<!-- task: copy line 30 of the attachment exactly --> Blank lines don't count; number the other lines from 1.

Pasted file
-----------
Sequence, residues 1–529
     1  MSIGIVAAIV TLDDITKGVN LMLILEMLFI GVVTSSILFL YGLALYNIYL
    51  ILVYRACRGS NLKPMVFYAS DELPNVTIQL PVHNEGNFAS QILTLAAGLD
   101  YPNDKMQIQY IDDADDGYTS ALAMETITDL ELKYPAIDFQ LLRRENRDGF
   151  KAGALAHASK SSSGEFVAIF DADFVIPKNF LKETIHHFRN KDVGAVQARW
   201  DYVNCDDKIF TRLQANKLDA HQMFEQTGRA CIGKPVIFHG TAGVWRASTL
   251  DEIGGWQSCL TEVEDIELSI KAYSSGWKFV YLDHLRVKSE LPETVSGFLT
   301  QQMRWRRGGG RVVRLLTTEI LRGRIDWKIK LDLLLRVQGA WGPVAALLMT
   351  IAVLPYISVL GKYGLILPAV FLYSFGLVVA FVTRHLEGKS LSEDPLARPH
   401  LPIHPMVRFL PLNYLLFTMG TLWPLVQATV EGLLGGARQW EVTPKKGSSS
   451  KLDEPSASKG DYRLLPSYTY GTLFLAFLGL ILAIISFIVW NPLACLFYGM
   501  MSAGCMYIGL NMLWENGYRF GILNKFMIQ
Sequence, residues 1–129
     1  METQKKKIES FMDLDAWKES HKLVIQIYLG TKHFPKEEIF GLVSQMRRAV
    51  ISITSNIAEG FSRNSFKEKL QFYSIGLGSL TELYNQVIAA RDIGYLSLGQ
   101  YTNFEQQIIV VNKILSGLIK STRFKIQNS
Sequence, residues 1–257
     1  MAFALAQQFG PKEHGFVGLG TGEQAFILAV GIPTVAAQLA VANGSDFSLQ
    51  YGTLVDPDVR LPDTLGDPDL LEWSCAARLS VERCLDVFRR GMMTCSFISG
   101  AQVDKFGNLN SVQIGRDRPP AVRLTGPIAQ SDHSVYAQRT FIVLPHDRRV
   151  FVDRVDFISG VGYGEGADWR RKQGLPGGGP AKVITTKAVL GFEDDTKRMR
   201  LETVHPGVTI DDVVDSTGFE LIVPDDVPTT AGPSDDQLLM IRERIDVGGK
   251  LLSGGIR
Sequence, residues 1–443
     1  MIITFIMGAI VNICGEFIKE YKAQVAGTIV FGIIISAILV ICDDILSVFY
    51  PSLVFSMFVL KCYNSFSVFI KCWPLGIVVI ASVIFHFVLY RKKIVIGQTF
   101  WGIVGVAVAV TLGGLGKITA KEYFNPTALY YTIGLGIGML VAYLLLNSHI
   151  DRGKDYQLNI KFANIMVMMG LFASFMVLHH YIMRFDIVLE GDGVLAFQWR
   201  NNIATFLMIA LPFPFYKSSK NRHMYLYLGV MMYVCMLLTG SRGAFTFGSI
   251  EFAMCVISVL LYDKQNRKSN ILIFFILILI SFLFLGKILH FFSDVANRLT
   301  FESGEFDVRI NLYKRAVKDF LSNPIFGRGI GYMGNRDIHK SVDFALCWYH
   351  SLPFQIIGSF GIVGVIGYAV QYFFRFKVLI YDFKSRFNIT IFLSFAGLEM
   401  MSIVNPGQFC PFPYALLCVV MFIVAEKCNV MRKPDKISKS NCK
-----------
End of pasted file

   251  EFAMCVISVL LYDKQNRKSN ILIFFILILI SFLFLGKILH FFSDVANRLT